Coming This Fall From Apple: OS X Yosemite

by Reads (2,181)

The latest and greatest version of Apple OS X is official, and Apple is calling it OS X Yosemite. It brings a host of upgrades that include improvements to the user interface and better iOS integration.

OS X Yosemite 2

User Interface

Apple unveiled a cleaner UI, with translucent windows, a “dark mode” with screen dimming, refined icons, and updated apps. The app icons will feature rounded edges, with flat designs that ring similar to iOS 7. The dock is still there at the bottom of the screen, but it has received a facelift to mirror the new icon designs.

Notification center will boast a simpler design that will be easier to customize using widgets downloaded from the App Store for Mac. Users will be able to drag and drop apps and other content to quickly reorganize the notification center on Mac.

Spotlight will also be updated, with stronger functionality and performance. In OS X Yosemite, clicking on the search icon in the upper right hand corner will bring up a search bar in the middle of the screen. Users will then be able to search through apps, contacts, documents, folders, events, reminders, Wikipedia, news entries (powered by Bing), and even Apple Maps.

iCloud Drive

Apple introduced iCloud Drive, which will be integrated with OS X Yosemite, and will work across platforms. Apple iCloud Drive will allow users to quickly access content across devices, and organize it by tags and folders. Users will also be able to access files on their Mac that are saved in iOS apps. Users will also be able to automatically sync this content automatically across all devices, including Windows.


Mail received a small face lift, but most of the updates are under the hood and will include faster syncing, fetching, and switching between accounts. Users will also be able to send larger attachments with a new feature called Mail Drop. By dragging and dropping large photos or documents “up to 5GB” into Mail Drop, OS X Yosemite will encrypt the content and send it directly to the recipient via iCloud; users who are not on a Mac will receive a link to download the attachment.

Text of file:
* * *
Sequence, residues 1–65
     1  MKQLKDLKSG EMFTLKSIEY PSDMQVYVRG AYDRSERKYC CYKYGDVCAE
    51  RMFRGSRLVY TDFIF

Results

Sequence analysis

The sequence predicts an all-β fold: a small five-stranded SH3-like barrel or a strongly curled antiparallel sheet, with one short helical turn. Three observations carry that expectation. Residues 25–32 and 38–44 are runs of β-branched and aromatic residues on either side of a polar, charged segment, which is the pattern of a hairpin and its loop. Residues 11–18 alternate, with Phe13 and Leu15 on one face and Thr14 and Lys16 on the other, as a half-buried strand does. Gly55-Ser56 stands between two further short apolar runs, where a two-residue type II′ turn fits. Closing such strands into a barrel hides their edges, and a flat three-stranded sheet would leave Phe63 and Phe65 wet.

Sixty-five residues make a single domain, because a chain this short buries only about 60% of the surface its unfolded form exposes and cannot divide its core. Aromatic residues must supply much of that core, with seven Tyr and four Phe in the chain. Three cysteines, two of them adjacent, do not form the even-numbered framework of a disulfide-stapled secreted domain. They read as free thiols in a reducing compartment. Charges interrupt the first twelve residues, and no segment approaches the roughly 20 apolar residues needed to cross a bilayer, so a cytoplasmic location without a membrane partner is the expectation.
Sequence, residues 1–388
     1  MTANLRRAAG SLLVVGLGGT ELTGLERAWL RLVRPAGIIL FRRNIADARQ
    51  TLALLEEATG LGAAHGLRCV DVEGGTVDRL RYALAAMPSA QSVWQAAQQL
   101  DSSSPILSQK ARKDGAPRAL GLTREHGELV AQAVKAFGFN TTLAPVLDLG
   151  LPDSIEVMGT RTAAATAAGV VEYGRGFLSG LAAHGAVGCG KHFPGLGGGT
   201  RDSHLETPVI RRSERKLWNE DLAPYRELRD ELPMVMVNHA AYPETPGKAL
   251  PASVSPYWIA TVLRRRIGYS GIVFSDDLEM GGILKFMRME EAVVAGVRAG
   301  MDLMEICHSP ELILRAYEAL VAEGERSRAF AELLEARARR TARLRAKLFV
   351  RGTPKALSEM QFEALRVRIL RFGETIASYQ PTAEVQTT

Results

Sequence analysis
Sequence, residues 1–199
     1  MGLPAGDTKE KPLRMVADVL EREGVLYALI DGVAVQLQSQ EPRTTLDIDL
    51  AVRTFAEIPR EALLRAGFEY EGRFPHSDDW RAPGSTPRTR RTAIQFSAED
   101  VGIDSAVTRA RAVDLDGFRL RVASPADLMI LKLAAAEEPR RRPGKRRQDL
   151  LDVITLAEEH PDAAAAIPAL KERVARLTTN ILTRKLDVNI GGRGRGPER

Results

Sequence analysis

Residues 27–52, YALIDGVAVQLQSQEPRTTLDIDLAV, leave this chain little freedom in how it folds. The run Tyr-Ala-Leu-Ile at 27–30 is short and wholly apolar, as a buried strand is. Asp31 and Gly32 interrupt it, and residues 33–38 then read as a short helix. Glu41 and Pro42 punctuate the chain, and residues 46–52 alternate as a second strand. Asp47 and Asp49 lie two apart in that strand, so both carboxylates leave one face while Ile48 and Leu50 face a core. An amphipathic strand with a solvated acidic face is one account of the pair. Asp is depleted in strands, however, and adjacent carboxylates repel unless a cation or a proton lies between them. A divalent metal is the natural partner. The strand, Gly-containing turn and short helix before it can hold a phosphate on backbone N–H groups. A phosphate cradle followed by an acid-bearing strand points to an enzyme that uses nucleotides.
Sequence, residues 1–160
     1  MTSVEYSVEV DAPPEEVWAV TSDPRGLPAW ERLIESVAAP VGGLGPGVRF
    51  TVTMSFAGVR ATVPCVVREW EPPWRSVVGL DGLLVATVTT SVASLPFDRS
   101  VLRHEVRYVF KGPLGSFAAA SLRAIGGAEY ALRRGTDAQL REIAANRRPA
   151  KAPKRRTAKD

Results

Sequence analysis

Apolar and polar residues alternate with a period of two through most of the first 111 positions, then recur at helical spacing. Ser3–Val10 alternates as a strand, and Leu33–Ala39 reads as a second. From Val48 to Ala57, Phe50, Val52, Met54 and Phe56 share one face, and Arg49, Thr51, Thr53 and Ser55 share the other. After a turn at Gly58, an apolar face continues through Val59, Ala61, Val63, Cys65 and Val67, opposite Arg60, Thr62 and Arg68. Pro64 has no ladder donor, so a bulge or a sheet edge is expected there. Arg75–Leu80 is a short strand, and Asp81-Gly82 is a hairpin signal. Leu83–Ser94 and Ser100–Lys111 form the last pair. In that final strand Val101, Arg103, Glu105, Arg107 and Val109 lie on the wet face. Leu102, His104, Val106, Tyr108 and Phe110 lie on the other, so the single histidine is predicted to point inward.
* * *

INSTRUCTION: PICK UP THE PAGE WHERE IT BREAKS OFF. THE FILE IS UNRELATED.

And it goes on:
Markup is a new feature in OS X Yosemite that will allow users to draw and type directly on mail messages as well as PDFs. With Markup, users can easily make or suggest changes as well as sign documents using their trackpad or iSight camera.

OS X Yosemite LogoSafari

Safari will be simplified further, with a new search bar boasting a streamlined design. The search bar will now feature Smart Search, which will bring up a user’s history, bookmarks, and favorite websites automatically when the user starts typing in the search bar. Users will also be able to bring up private browsing windows separately from regular Safari windows, without interfering with regular browsing.

As with previous OS X releases, Apple states that this update will bring better browser efficiency and increased performance. The addition of Spdy will also allow users to stream Netflix without a plugin, which will bring a reported 2 hours of extra battery life to the Macbook Air while streaming in 1080p.

Safari will also feature updated share functions, allowing users to quickly share content via iMessage, social media, mail, and more. It will also populate a user’s recent and favorite contacts for quick sharing to friends, family, and coworkers.


Apple pushed continuity in its WWDC 2014 conference, and introduced a number of features that will make it easier for users to pick up one iDevice where they left off on another. One major update with OS X 10 is that Air Drop will now work between iOS and Mac, so users can quickly share photos and other files between devices.

Devices will now have “proximity awareness,” according to Apple, which means a user’s iPad, Mac, and iPhone will be able to sense when they are near one another. For instance, if a user is composing an email on their iPhone or iPad, and switches to their Mac during the process, the Mail app will prompt the user to pick back up on the email. Users will also be able to make, accept and decline iPhone calls on their Mac. Caller ID will display on a user’s Mac and give the users the option to accept the call and use their Mac as a speaker, or decline the call.

Mac users will also be able to instantly use their iPhone as a hotspot, without any prior configuration. If a user has their iPhone near their Mac, it will show up as available Wi-Fi, allowing users to instantly connect.

OS X Yosemite will be available to developers starting today, and will be released to the public as a free download this Fall. For the first time, Apple is also opening its beta program up to non-developers this summer.




All content posted on TechnologyGuide is granted to TechnologyGuide with electronic publishing rights in perpetuity, as all content posted on this site becomes a part of the community.